About the Responding to Racism Guide
This guide is for YOU IF:
- You have experienced racism,
- You have come across or witnessed racism,
- You wish to provide support to people affected by racism.
‘Responding to racism guide: How to report racism and where to find help’ was launched on the 4th of April 2019 by David Stanton, Minister for Equality, Immigration, and Integration.
‘Responding to Racism Guide’ is designed as a supplement to the iReport.ie system of recording and monitoring racist incidents in Ireland and, as such, it provides information about how and where to report and respond to various racist incidents including:
- racist crime;
- racist discrimination;
- hate speech online and in the media.
It also gives practical, step-by-step information on:
- how to go about finding redress,
- how to use existing legislation to address racism,
- where to find help
- how to support those affected by racism as a bystander and in a community.
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Responding to racism guide: Overview
Have a look below what’s inside our Responding to Racism Guide and what issues are covered in each section.
Part I: Understanding racism
- Defining racism.
- Racism as a system of oppression.
- Forms of racism in Ireland.
- The effects of racism.
part II: reporting racism
- All racist incidents: where, how and why to report racism and the overview of the iReport.ie Reporting System.
- Reporting racist crime: defining and reporting racist crime; hate crime and the law; investigation process, victim rights and complaints against police.
- Reporting racist discrimination:
- Defining and reporting discrimination; discrimination and the law;
- Discrimination and racist bullying in the workplace;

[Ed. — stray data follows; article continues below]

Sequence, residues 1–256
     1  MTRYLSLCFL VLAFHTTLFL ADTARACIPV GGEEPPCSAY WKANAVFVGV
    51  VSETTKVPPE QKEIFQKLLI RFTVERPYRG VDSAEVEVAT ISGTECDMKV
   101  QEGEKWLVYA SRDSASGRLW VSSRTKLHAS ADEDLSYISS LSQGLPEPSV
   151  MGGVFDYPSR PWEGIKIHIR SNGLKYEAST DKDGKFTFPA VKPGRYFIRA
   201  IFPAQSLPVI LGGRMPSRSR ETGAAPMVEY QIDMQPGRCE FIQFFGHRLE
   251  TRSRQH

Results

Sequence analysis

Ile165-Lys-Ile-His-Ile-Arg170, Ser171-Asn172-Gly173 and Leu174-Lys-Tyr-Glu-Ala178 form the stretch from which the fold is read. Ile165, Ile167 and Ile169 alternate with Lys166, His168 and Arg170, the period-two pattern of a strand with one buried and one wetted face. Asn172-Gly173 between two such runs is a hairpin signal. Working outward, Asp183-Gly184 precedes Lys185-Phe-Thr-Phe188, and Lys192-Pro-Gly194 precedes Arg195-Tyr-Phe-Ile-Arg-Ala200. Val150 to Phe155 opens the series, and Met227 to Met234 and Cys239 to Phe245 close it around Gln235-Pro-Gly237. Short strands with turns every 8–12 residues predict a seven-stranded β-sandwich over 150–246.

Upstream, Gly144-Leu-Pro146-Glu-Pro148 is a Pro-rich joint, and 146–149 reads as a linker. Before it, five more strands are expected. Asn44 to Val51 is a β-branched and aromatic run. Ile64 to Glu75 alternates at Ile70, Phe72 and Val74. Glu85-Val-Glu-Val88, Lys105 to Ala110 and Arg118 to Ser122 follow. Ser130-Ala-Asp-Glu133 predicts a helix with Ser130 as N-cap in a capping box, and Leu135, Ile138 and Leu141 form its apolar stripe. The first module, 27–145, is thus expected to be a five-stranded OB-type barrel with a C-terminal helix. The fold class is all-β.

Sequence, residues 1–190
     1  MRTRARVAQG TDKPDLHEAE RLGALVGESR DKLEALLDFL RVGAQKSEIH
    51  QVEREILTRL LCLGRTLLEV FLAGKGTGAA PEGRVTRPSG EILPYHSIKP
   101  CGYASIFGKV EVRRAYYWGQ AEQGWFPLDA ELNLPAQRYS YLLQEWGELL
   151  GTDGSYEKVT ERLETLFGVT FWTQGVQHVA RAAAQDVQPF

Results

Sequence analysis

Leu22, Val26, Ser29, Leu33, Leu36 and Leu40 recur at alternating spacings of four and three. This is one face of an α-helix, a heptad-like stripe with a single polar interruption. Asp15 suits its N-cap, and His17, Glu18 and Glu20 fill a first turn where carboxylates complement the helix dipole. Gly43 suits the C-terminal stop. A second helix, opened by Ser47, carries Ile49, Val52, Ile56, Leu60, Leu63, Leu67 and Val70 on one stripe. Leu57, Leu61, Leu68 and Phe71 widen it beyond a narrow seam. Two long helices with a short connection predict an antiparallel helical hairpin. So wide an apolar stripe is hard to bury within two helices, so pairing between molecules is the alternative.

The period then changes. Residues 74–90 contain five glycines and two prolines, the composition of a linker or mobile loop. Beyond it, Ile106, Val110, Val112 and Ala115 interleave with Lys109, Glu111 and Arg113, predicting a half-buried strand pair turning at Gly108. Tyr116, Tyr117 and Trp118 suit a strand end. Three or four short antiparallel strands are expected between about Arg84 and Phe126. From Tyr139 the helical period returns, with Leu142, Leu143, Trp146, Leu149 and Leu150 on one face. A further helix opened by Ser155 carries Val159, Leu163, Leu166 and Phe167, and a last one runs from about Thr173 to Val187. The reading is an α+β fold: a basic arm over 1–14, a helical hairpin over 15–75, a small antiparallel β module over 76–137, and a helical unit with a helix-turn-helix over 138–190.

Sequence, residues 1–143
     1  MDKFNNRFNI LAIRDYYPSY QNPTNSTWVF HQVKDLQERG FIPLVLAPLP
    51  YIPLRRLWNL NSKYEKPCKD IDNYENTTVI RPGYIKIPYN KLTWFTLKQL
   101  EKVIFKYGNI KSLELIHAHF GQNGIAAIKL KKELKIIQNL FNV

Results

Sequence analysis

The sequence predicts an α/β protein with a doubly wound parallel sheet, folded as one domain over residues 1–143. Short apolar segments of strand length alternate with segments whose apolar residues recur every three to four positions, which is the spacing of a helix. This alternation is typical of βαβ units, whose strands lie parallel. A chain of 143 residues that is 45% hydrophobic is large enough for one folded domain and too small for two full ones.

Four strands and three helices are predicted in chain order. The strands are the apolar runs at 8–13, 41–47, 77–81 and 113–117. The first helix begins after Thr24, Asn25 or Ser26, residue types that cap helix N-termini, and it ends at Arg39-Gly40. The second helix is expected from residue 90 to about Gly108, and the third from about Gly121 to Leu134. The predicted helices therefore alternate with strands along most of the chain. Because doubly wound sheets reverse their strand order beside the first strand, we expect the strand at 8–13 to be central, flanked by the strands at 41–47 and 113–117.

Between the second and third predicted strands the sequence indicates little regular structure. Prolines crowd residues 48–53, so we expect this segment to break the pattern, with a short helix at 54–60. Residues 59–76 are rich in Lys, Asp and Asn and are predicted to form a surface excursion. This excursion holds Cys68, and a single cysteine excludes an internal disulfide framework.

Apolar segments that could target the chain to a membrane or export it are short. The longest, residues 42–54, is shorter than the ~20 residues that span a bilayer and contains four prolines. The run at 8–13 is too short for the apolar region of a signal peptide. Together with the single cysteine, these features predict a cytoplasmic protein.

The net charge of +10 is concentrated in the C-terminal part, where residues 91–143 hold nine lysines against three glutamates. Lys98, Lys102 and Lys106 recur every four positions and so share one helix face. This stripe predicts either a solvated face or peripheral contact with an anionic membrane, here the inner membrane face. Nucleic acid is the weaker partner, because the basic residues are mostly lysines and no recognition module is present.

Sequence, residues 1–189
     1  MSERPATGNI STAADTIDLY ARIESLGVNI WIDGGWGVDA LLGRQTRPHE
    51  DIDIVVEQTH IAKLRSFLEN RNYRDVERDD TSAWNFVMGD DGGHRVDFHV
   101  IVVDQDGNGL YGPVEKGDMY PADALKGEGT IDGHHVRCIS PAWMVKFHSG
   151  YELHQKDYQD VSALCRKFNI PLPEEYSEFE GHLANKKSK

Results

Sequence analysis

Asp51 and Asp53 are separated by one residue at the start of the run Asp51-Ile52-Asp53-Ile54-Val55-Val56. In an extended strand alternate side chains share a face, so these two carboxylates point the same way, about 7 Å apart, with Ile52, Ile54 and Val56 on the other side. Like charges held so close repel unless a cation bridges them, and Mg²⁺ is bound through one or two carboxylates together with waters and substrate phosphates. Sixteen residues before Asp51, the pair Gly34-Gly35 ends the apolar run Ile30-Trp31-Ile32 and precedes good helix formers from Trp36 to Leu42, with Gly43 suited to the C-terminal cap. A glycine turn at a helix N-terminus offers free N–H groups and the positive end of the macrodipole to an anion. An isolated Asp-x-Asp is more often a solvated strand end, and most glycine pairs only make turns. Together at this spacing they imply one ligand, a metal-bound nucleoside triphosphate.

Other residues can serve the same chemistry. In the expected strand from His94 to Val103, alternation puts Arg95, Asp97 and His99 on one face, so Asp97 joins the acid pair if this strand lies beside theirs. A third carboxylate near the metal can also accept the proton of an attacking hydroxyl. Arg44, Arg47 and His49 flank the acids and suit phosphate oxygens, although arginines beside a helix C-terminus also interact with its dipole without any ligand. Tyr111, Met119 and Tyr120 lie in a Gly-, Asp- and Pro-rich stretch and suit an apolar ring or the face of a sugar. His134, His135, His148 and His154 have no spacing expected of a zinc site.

- Discrimination in the provision of goods and services (incl.: immigration and Direct Provision, social welfare, housing, health and family, education, youth work services, sport, entertainment, transport).
- Reporting racism in the media and online: racism in the traditional media and advertising; hate speech online and cyberbullying.
part iii: supporting victims of racism
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Know your rights: REPORT RACISM
Regardless of your background, you have the right to equal treatment at work, equal access to services and the delivery of these services free from discrimination, racism or prejudice based on your nationality, ethnic background, religion, membership of the Traveller community or skin colour.
Whether you yourself have experienced racism, witnessed it happening to someone else or came across it online, it is important to take action, report it and make a formal complaint, even in cases where taking a legal route may prove challenging.
If you believe the content or behaviour you are reporting is prohibited in Ireland, please contact relevant authorities listed in Responding to Racism Guide, so they can accurately assess the content or behaviour for possible violations of law.
If you encounter an incident which constitutes a serious crime, or if you believe there is a serious and immediate threat to someone’s life or wellbeing, we strongly encourage you to report these immediately to An Garda Síochána.
We encourage the reporting of ALL types of racist incidents to iReport.ie and relevant bodies and we hope that this guide will make this process easier and clearer for you.
RACIST INCIDENT REPORTING SYSTEM
If you are affected by racism either as a victim or as a witness, you can report all racist incidents it to the iReport.ie.
iReport.ie Racist Incident Reporting System, INAR’s flagship project, was launched in July 2013. It allows the people, communities, and organisations of to confidentially report racism in Ireland from any online device.